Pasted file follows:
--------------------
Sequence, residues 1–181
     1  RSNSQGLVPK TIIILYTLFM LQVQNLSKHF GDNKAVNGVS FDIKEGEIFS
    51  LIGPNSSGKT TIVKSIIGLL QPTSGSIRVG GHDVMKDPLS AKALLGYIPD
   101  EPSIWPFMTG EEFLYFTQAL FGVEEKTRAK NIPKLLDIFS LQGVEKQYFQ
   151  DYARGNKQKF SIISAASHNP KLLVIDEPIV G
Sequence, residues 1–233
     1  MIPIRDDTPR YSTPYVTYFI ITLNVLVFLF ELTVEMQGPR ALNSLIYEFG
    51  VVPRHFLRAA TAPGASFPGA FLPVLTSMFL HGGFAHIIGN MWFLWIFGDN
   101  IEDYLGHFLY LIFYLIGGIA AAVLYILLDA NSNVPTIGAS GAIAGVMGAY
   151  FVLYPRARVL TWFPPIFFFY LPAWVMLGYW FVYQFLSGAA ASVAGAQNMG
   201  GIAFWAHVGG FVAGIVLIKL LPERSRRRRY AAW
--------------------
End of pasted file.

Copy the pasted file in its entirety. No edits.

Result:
Sequence, residues 1–181
     1  RSNSQGLVPK TIIILYTLFM LQVQNLSKHF GDNKAVNGVS FDIKEGEIFS
    51  LIGPNSSGKT TIVKSIIGLL QPTSGSIRVG GHDVMKDPLS AKALLGYIPD
   101  EPSIWPFMTG EEFLYFTQAL FGVEEKTRAK NIPKLLDIFS LQGVEKQYFQ
   151  DYARGNKQKF SIISAASHNP KLLVIDEPIV G
Sequence, residues 1–233
     1  MIPIRDDTPR YSTPYVTYFI ITLNVLVFLF ELTVEMQGPR ALNSLIYEFG
    51  VVPRHFLRAA TAPGASFPGA FLPVLTSMFL HGGFAHIIGN MWFLWIFGDN
   101  IEDYLGHFLY LIFYLIGGIA AAVLYILLDA NSNVPTIGAS GAIAGVMGAY
   151  FVLYPRARVL TWFPPIFFFY LPAWVMLGYW FVYQFLSGAA ASVAGAQNMG
   201  GIAFWAHVGG FVAGIVLIKL LPERSRRRRY AAW